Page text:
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Dermatitis herpetiformis (gluten sensitivity)

DERMATITIS HERPETIFORMIS (GLUTEN SENSITIVITY)

What are the aims of this leaflet?

This leaflet has been written to help you understand more about dermatitis herpetiformis. It tells you what it is, what causes it, what can be done about it, and where you can find out more about it.

What is dermatitis herpetiformis?

Dermatitis herpetiformisis a rare, very itchy and persistent blistering skin eruption. 

What causes dermatitis herpetiformis?

Dermatitis herpetiformisis associated with a bowel disorder known as coeliac disease. Virtually all patients with dermatitis herpetiformis are likely to have subtle changes of this condition. In some it will be clinically apparent, but in most it will be so mild that it causes no symptoms and may only be demonstrated by a biopsy of the intestine. In both dermatitis herpetiformis and coeliac disease, patients are allergic to gluten, a protein found in wheat, rye and barley flour and in some other grains such as couscous and bulghur. An allergic reaction to gluten plays an important part in causing the rash of dermatitis herpetiformis.

Is dermatitis herpetiformis hereditary?

One in 10 patients with dermatitis herpetiformis has a family history of it, or of coeliac disease. 

What are the symptoms of dermatitis herpetiformis?

  • Intense itching is the first and main symptom.

  • Symptoms of an associated coeliac disease may be present in a minority of those with dermatitis herpetiformis, but are usually mild.  They may include weight loss, abdominal discomfort and pale-coloured bowel motions.

What does dermatitis herpetiformis look like?

Dermatitis herpetiformis usually occurs in young and middle-aged adults but is occasionally seen in children. The rash consists of small red spots, tiny fluid-filled blisters and weals. The most common sites are the backs of the elbows, the fronts of the knees, the scalp, bottom and back. If it is not treated, dermatitis herpetiformis usually runs a very long course, over many years, at times varying in severity

How is dermatitis herpetiformis diagnosed?

The rash can be hard to diagnose – it is often confused with more common conditions such as scabies, eczema and other very itchy skin disorders. A skin biopsy taken by a dermatologist is usually needed to confirm the diagnosis. It is important to do this as treatment may involve long-term tablets and a change in diet, or occasionally diet alone. The biopsy usually involves two separate laboratory tests. Blood investigations are usually performed too. A small specimen may also be taken from the inner lining of the bowel to check for the type of inflammation that is seen in coeliac disease.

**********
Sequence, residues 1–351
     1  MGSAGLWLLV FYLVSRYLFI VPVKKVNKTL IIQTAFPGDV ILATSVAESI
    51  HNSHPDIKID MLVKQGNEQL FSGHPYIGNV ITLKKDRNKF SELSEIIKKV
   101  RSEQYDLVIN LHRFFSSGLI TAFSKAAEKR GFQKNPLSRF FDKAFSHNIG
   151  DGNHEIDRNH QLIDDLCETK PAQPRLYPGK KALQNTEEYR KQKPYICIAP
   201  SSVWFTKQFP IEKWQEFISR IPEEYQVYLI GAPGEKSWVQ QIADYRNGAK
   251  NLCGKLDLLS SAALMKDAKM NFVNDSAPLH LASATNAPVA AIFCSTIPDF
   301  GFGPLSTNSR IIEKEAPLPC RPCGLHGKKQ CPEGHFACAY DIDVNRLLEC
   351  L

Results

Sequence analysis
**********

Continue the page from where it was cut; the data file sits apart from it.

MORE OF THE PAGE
Can dermatitis herpetiformis be cured?

No. All traces of dermatitis herpetiformis may go away with treatment, but they will come back if the treatment is stopped. 

How can dermatitis herpetiformis be treated?

Diet. Most doctors recommend that all patients with dermatitis herpetiformis should be on a gluten-free diet. Your dermatologist may arrange for you to see a dietician and may refer you to a gastroenterologist (bowel specialist). The diet is slow to work but should give relief from symptoms. A gluten-free diet is not the burden that it used to be; most good supermarkets stock a range of gluten-free bread, biscuits, cakes, etc. The diet may:

  • decrease and eventually remove the need to take tablets

  • reduce any bowel symptoms

  • cut the risk of getting a bowel lymphoma – a complication that may rarely occur if coeliac disease remains untreated for years

Medication. Dermatitis herpetiformis may also be treated with a drug called dapsone; however, this may have side effects, so treatment does not usually start until laboratory tests have confirmed the diagnosis. All patients on dapsone get some decrease in their red cell count and haemoglobin (the oxygen-carrying part of the red cell). This is usually dose-related and monitored with blood tests. However, a few get a rapid fall in their blood count. For this reason, blood tests are performed weekly to begin with, and patients are asked to report any unusual symptoms (sore throat, dizziness or faintness) urgently to their doctor. Dapsone also causes some patients to have headaches.

Self care (What can I do?)

Remember that once diagnosed you will have to keep strictly to the diet for your lifetime. About 80% of patients with dermatitis herpetiformis can reduce their need for medication with a gluten-free diet, but it may take as long as a year before they are able to drop their dapsone dosage. After that, some of them may be able to come off dapsone completely. 

Where can I get more information?

Web links to detailed leaflets:

www.emedicine.com/DERM/topic95.htm

www.dermnetnz.org/dna.dh/dh.html

www.mayoclinic.com/health/gluten-free-diet/my01140

Links to patient support groups:

www.dermatitisherpetiformis.org.uk/

For details of source materials used please contact the Clinical Standards Unit (clinicalstandards@bad.org.uk).

This leaflet aims to provide accurate information about the subject and is a consensus of the views held by representatives of the British Association of Dermatologists: its contents, however, may occasionally differ from the advice given to you by your doctor.

This leaflet has been assessed for readability by the British Association of Dermatologists’ Patient Information Lay Review Panel

BRITISH ASSOCIATION OF DERMATOLOGISTS

PATIENT INFORMATION LEAFLET

PRODUCED AUGUST 2004

UPDATED OCTOBER 2009, JANUARY 2013

REVIEW DATE JANUARY 2016

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